Safety is well accounted for, too, with standard reversing camera, autonomous emergency braking with pedestrian and cyclist detection, adaptive cruise control, blind spot monitoring, auto high beam assist, driver fatigue detection, and low-pressure tyre indicator. 

Beneath the bonnet is the same 1.0-litre three-cylinder turbo found in the Polo but only in the feistier 85kW/200Nm tune, rather than the 70kW/175Nm tune deployed on lower-spec Polo models. 

We say “feistier” with tongue firmly in cheek because performance is hardly neck-straining in the Polo and the T-Cross’s extra 90kg means its 0-100km/h of 10.2 seconds is 0.7 seconds slower again. 

This puts T-Cross performance more or less on a par with the 2.0-litre Mitsubishi ASX and the Mazda CX-30, which is not a bad effort when you consider its modest capacity. A more powerful 110TSI model with larger capacity engine is due later this year. 

Of course, small cubic capacity usually equates to superior fuel efficiency and here the T-Cross doesn’t disappoint, sipping 95RON unleaded at an impressively frugal 5.4L/100km. 

Volkswagen T-Cross 85 TSI Style

This betters the efforts of the base versions of both the aforementioned rivals, with the Mazda consuming 6.5L/100km and the Mitsubishi 7.6L/100km. 

The VW engine has the distinctive warbly note that’s characteristic of “triples” and generally does a pretty decent job of motivating the T-Cross, in what we imagine will be its mainly urban habitat. 

Steep hills and overtaking manoeuvres require a determined stab of the go-pedal, but otherwise it gets about with a decent amount of zip, aided and abetted by a seven-speed dual clutch transmission that does a good job of serving up the right ratios for the conditions.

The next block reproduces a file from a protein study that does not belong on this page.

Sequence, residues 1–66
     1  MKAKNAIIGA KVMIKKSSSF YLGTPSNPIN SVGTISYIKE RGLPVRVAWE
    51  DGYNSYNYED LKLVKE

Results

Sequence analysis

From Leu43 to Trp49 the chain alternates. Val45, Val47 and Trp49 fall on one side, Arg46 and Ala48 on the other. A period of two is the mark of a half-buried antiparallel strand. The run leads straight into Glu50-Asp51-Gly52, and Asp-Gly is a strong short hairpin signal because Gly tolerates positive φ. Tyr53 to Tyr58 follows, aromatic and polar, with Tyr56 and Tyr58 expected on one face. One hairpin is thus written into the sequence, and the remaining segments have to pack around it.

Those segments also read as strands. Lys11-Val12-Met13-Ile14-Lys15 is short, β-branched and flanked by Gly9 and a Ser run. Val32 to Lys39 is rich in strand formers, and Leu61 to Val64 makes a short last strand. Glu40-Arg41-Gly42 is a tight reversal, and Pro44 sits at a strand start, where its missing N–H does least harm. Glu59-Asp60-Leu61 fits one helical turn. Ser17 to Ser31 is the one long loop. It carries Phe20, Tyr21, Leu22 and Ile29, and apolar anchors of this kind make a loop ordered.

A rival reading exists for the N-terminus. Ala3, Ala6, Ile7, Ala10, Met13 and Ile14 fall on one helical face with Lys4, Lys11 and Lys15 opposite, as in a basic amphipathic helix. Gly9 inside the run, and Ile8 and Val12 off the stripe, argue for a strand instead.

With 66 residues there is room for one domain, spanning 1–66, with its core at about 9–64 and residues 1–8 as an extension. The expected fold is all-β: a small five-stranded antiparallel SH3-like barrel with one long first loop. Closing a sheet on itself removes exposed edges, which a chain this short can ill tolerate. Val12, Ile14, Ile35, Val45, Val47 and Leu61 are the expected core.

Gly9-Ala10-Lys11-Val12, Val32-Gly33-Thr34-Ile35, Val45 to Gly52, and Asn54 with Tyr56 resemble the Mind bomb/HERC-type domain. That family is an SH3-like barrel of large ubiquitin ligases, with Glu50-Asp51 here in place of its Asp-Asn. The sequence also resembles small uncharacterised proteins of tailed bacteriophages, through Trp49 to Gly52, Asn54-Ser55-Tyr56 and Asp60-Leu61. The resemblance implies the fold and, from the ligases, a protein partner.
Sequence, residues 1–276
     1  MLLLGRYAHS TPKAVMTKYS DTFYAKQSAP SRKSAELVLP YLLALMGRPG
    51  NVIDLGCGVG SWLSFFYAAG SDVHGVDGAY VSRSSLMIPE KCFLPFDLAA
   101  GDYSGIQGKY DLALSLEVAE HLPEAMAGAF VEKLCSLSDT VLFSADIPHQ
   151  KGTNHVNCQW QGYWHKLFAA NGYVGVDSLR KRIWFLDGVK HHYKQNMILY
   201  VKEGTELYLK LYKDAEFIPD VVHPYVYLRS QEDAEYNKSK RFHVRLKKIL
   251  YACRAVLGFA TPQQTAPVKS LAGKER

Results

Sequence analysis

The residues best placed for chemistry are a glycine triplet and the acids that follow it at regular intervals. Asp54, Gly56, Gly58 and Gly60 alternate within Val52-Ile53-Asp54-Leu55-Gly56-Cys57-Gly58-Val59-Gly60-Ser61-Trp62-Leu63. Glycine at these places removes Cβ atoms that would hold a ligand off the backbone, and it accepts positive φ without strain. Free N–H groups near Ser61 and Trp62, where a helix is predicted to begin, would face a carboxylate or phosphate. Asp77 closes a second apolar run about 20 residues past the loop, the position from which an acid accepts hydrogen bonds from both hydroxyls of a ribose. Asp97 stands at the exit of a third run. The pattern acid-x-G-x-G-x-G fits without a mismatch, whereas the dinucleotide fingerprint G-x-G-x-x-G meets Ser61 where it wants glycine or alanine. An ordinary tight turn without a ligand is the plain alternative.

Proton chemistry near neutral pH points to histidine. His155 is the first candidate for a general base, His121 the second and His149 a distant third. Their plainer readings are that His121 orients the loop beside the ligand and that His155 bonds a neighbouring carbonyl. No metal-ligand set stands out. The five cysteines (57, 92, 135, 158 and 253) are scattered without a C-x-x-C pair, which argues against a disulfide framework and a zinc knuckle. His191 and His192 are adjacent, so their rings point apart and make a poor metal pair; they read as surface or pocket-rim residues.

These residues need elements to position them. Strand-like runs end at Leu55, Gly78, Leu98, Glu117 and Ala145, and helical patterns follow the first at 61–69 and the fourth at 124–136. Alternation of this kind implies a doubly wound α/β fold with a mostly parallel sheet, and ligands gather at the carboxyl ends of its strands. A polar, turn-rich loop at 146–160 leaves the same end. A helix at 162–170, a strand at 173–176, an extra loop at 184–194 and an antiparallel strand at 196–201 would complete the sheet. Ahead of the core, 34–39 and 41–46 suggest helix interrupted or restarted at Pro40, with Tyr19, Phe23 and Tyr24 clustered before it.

Performance in the transmission’s default “comfort” mode is a bit soft but switching to sport sparks things up. 

The engine’s modest capacity, combined with turbo lag on start-up prompted us to try deactivating the standard stop-start system, to avoid getting left behind at the traffic light grand prix. 

Volkswagen T-Cross 85 TSI Style

On hill starts and slippery surfaces we found this lag would often result in the front wheels “chirping” on take-off, as the engine restarted, the turbo boosted up and the transmission found the right gear.   

Out on the road we found the T-Cross to be confident and composed in most conditions, despite the car featuring less sophisticated torsion-beam rear suspension.

The optional 18-inch wheels sharpen the handling but also stiffen the ride and allow a fair bit of coarse chip road noise into the cabin.

The steering proved well weighted for both city and open road driving. 

Volkswagen has taken its time getting the T-Cross to Australia, but now that it’s here it presents a strong case for anyone shopping in the staggeringly competitive small SUV class, where there are currently 20-plus rivals and counting.  

Key stats  

MLP: $30,990 (plus on-road costs).
ENGINE: 1.0-litre turbocharged three-cylinder.  
ANCAP SAFETY RATING:  5-Star (2019).  
TAILPIPE CO2 (g/km): 123g/km (5.4L/100km). 


Styling, fuel efficiency, safety, five-year warranty .    


Modest power and performance, engine and transmission take a moment to “wake up” when using stop-start system.